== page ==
18th May 2020 – If you are a parent, you are probably concerned over the recent announcement from the government about re-opening the schools. Should your child go back now? Sadly nobody is able to give you a Yes or No answer. You may find a small article we have titled “A Personal View of a Teacher and Mum about reopening of schools and Alpha” which was written by one of our Trustees useful.
What is coronavirus?
Coronaviruses are a large strain of viruses, ranging from mild cold-like symptoms to more severe respiratory conditions, such as Middle East Respiratory Syndrome (MERS) and Severe Acute Respiratory Syndrome (SARS). In 2019, a new strain of coronavirus known as COVID-19 was discovered, which is currently causing the global pandemic.
Common symptoms of COVID-19 include fever, shortness of breath, and cough. These symptoms can range from mild, cold- or flu-like symptoms, or can cause more severe infections such as pneumonia, severe acute respiratory syndrome, organ failure, or death.
(The above video from YouTube explains what CORONA-19 very well)
How does coronavirus affect Alphas?
Because COVID-19 is so new, not much is known about the disease, or how it interacts with underlying conditions. It is particularly important, though, that those deemed at high risk take extra precautions to avoid contracting the disease. This includes those who are 70 or over, pregnant, have an underlying health condition, or have a weakened immune system.
As Alpha-1 antitrypsin deficiency is an underlying health condition which particularly impacts the lungs, it is vital that those with the condition take extra precautions to not contract or spread the disease. This may include working from home, self-isolating if showing symptoms, or reducing the number of people you come into contact with on a daily basis.
What can I do to prevent catching coronavirus?
While there is always a small chance that you might catch COVID-19, there are plenty of things you can do to reduce your exposure. These include:
• washing your hands regularly for at least 20 seconds (or using hand sanitiser if you can’t wash)
• avoiding close contact with anyone showing symptoms of COVID-19
• limiting public transportation and outings to only that which is essential (eg, supermarkets, pharmacy, GP, etc.)
• avoiding social outings to restaurants, pubs, or cafes,
• avoiding any social events with 50+ people
• avoiding any visitors to your home, including friends and family
• working from home, where possible
What should I do if I think I have coronavirus?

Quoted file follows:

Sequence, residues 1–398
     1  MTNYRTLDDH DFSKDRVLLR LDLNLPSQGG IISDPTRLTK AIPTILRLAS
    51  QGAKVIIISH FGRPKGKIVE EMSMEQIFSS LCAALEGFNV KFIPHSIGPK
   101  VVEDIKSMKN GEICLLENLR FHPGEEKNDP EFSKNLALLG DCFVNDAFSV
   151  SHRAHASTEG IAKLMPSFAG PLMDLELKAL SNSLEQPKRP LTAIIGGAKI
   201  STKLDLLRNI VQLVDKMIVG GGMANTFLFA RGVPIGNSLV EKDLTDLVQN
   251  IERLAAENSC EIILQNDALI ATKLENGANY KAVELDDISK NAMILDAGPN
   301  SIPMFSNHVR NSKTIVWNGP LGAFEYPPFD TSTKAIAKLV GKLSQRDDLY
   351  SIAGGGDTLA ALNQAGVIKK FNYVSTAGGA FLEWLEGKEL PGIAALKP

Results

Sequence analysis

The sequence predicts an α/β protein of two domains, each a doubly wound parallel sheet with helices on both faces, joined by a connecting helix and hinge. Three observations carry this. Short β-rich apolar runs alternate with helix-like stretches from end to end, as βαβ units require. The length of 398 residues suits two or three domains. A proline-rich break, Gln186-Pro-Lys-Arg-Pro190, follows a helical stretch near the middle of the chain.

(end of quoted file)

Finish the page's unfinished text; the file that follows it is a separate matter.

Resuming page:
If you have a high fever or continuous cough (that is newly contracted on what any cough you might normally experience due to Alpha-1), it is vital that you self-isolate yourself for a minimum of 7 days. This means you must not leave your house, even for groceries. If you live with others, they should stay at home for 14 days from when the first person began showing symptoms. For more information on self-isolation at home and how to cope, see the NHS’s website at https://www.nhs.uk/conditions/coronavirus-covid-19/self-isolation-advice/.
It is important that you do not go to the GP or hospital unless you cannot cope with your symptoms. If you need medical advice, the NHS has set up an online 111 service dedicated solely to COVID-19, at https://111.nhs.uk/covid-19/. If you cannot find the help you need using this online service, phone 111.
Unfortunately we cannot provide specific advice or guidance on individual situations regarding working from home or school attendance. If you are concerned for your health or the health of your loved ones, we encourage you to speak to your line manager or school.
Where can I find more updates on the current coronavirus situation?
This is a rapidly evolving pandemic, and information or advice may change daily. For updates on the current spread of the virus, visit the World Health Organization’s website .
Please also visit the resources listed below:
On the 21st March 2020 we held a ‘Ask Me Anything’ in our private FaceBook Group with Dr Nick Ruktanonchai who is a Lecturer in Geography at the University of Southampton, and has worked on modelling the spread of COVID-19 globally using human movement data to predict viral transmission. His work using BEARmod (Basic Epidemic Activity and Response model, https://github.com/wpgp/BEARmod to quantify the effectiveness of government interventions such as quarantining and lockdowns (https://www.medrxiv.org/content/10.1101/2020.03.03.20029843v3) has been featured in international news articles and radio interviews (https://www.theguardian.com/world/2020/mar/11/research-finds-huge-impact-of-interventions-on-spread-of-covid-19, https://www.thestar.com/news/gta/2020/03/16/toronto-residents-urged-to-stay-home-amid-evidence-covid-19-is-spreading-locally.html), and is currently being used by the European CDC to predict the spread of COVID-19.
Below are the Questions that were posed to him and his answers:
Q. How likely us it to catch it through mail/parcels?
A. I think the current estimates are that the virus lives on surfaces for less than 4-6 hours… so you won’t get it from the person who sent it, but it’s possible if the person delivering the post is infected, but not super likely if it’s been sitting in your landing before you grab it.
Q. Do you know if it is also associated without a fever/high temp?
A. Yes, somewhere around 10-20% of cases don’t have a fever, though it’s the most common symptom. Here’s a useful graph for that: